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The objectives of this study were to develop and refine EMPOWER (Enhancing and Mobilizing the POtential for Wellness and Resilience), a brief manualized cognitive-behavioral, acceptance-based intervention for surrogate decision-makers of critically ill patients and to evaluate its preliminary feasibility, acceptability, and promise in improving surrogates’ mental health and patient outcomes.
Part 1 involved obtaining qualitative stakeholder feedback from 5 bereaved surrogates and 10 critical care and mental health clinicians. Stakeholders were provided with the manual and prompted for feedback on its content, format, and language. Feedback was organized and incorporated into the manual, which was then re-circulated until consensus. In Part 2, surrogates of critically ill patients admitted to an intensive care unit (ICU) reporting moderate anxiety or close attachment were enrolled in an open trial of EMPOWER. Surrogates completed six, 15–20 min modules, totaling 1.5–2 h. Surrogates were administered measures of peritraumatic distress, experiential avoidance, prolonged grief, distress tolerance, anxiety, and depression at pre-intervention, post-intervention, and at 1-month and 3-month follow-up assessments.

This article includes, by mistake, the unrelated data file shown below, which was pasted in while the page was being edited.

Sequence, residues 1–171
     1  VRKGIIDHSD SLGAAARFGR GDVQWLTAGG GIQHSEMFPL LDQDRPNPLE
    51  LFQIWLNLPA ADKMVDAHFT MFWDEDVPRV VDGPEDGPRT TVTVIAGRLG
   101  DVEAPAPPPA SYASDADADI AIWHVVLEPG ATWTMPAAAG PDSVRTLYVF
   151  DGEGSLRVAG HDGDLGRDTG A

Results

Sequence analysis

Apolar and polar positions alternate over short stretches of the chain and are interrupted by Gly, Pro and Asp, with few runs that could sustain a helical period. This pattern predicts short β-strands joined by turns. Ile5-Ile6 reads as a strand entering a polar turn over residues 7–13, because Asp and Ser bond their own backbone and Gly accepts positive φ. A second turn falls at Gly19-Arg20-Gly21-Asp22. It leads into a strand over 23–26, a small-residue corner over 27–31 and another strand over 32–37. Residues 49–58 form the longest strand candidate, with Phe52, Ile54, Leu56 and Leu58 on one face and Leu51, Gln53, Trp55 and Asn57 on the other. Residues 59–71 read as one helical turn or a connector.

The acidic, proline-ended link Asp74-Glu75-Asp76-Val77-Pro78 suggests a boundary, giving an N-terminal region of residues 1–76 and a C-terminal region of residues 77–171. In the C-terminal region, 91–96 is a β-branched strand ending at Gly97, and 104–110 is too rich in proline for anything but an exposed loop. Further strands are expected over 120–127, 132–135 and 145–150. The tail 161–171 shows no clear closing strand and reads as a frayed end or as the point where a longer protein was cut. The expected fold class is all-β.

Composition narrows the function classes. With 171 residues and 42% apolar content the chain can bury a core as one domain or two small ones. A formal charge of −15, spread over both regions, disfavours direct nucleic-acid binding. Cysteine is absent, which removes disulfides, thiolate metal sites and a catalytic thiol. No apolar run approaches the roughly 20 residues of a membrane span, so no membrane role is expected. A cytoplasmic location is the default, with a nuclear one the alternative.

Part 1 resulted in changes to the EMPOWER manual, including reducing jargon, improving navigability, making EMPOWER applicable for a range of illness scenarios, rearranging the modules, and adding further instructions and psychoeducation. Part 2 findings suggested that EMPOWER is feasible, with 100% of participants completing all modules. The acceptability of EMPOWER appeared strong, with high ratings of effectiveness and helpfulness (M = 8/10). Results showed immediate post-intervention improvements in anxiety (d = −0.41), peritraumatic distress (d = −0.24), and experiential avoidance (d = −0.23). At the 3-month follow-up assessments, surrogates exhibited improvements in prolonged grief symptoms (d = −0.94), depression (d = −0.23), anxiety (d = −0.29), and experiential avoidance (d = −0.30).
Significance of results
Preliminary data suggest that EMPOWER is feasible, acceptable, and associated with notable improvements in psychological symptoms among surrogates. Future research should examine EMPOWER with a larger sample in a randomized controlled trial.